Similar underglaze painted objects are usually attributed to Raqqa, a town on the Euphrates in northeast Syria, from which a large number appeared on the market since the end of the 19th century. While some of the workshops were located there, as the unearthing of a large number of wasters confirms, others were located elsewhere along the Euphrates valley, in southern Anatolia, central Syria, Damascus and as far as Egypt. This jar is said to come from the so-called "Great Find" in Raqqa in the early 20th century, when a colony of Circassians that was being relocated by the Ottomans was given permission to excavate an archaeological area in search of building material. They found a number of large jars containing intact vessels which were eventually sold on the market (see also 56.185.25 and 56.185.18).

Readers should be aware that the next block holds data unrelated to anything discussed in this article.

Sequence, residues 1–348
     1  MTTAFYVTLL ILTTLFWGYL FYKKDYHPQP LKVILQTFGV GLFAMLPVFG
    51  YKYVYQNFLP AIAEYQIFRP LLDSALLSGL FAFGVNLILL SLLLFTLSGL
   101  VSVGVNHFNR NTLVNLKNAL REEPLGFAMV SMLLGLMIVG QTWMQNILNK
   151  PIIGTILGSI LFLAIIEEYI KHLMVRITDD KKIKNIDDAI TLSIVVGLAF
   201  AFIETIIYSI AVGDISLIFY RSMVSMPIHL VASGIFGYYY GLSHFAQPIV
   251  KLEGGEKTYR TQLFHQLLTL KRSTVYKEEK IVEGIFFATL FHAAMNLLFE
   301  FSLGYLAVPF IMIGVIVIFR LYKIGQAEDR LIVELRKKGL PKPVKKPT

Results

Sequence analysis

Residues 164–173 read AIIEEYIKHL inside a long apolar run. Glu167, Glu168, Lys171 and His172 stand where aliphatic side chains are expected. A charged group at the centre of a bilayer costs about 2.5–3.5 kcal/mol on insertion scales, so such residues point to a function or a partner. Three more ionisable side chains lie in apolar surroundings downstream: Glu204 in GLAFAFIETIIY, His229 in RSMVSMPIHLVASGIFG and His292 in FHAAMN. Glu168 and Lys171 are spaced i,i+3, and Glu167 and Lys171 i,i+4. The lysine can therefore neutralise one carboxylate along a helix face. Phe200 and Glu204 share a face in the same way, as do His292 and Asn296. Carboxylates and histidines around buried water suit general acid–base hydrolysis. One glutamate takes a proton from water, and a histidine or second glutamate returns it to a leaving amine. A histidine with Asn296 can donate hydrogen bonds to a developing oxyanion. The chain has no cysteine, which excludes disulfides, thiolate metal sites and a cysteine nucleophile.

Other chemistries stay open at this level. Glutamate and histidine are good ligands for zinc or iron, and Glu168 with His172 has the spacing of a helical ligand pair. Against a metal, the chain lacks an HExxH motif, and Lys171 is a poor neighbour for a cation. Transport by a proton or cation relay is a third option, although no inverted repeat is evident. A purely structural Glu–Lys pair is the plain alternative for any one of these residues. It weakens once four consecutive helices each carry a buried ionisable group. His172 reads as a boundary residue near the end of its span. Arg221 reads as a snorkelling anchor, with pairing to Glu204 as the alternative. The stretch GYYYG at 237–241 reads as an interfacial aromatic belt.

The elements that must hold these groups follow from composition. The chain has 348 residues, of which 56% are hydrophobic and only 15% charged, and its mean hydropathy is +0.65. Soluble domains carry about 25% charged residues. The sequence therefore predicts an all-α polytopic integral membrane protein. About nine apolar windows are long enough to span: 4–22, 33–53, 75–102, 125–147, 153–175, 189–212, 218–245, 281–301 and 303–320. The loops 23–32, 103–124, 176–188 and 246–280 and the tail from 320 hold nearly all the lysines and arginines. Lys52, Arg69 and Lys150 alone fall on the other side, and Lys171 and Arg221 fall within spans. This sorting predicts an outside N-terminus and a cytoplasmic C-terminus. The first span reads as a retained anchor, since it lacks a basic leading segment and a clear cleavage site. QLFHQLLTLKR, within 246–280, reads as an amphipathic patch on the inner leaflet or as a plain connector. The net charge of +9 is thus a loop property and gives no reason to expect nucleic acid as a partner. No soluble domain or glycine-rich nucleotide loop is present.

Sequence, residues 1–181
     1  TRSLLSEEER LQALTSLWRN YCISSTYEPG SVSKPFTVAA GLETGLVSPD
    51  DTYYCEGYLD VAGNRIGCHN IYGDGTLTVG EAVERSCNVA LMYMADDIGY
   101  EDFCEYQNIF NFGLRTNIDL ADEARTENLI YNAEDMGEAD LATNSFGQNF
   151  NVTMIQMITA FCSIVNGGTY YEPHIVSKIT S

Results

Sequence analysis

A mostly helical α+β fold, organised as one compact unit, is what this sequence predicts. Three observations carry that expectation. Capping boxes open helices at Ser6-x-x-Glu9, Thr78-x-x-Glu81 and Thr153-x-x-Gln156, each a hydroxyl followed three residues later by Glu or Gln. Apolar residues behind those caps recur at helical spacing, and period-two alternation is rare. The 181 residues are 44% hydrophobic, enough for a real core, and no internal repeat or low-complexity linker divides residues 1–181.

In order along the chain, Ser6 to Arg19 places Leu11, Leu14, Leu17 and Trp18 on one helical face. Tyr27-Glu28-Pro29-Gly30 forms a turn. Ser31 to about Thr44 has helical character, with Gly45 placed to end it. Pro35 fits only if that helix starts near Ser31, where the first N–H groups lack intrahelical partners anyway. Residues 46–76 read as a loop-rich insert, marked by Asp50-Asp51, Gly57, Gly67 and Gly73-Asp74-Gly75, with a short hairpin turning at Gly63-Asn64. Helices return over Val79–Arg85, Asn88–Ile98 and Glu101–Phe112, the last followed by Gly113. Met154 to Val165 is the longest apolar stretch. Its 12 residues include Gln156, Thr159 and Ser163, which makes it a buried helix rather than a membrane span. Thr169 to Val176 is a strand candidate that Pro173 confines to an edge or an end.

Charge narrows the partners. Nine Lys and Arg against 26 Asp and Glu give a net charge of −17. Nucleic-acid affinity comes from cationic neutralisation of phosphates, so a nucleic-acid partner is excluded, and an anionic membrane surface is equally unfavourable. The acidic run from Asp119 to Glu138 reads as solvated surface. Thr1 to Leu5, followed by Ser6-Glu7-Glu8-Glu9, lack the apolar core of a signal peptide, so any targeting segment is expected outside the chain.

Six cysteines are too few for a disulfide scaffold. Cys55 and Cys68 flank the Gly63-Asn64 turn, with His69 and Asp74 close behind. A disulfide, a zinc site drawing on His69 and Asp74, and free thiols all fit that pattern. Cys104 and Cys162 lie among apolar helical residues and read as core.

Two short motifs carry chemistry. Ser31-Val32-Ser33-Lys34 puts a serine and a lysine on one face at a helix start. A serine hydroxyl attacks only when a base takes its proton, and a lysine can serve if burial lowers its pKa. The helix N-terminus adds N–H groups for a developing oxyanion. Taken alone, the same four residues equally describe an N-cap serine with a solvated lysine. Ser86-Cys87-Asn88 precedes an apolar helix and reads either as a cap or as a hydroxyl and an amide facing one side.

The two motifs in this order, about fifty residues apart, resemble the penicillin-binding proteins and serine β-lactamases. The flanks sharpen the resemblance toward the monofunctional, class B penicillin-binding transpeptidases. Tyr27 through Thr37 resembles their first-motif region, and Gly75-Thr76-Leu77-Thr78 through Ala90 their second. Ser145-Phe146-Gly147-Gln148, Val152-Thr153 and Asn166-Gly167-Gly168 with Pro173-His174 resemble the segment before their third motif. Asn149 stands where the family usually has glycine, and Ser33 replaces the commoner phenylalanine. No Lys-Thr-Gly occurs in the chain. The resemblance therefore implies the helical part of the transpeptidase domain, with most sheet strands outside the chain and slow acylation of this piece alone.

Thomas B. Clarke, New York (until 1925); Clarke sale, American Art Galleries, New York, January, 1925, lot 640; Horace Havemeyer, New York (by 1942–d. 1956; bequeathed to MMA)
Lexington, KY. International Museum of the Horse. "Gift from the Desert," June 1, 2010–October 15, 2010.
Grube, Ernst J. "Raqqa-Keramik im Metropolitan Museum in New York." Kunst des Orients vol. 4 (1963). p. 53, ill. fig. 7.
Jenkins-Madina, Marilyn. "Ceramics of Ayyubid Syria." In Raqqa Revisited. New York; New Haven: The Metropolitan Museum of Art, 2006. pp. 157, 173, ill. MMA42 (color).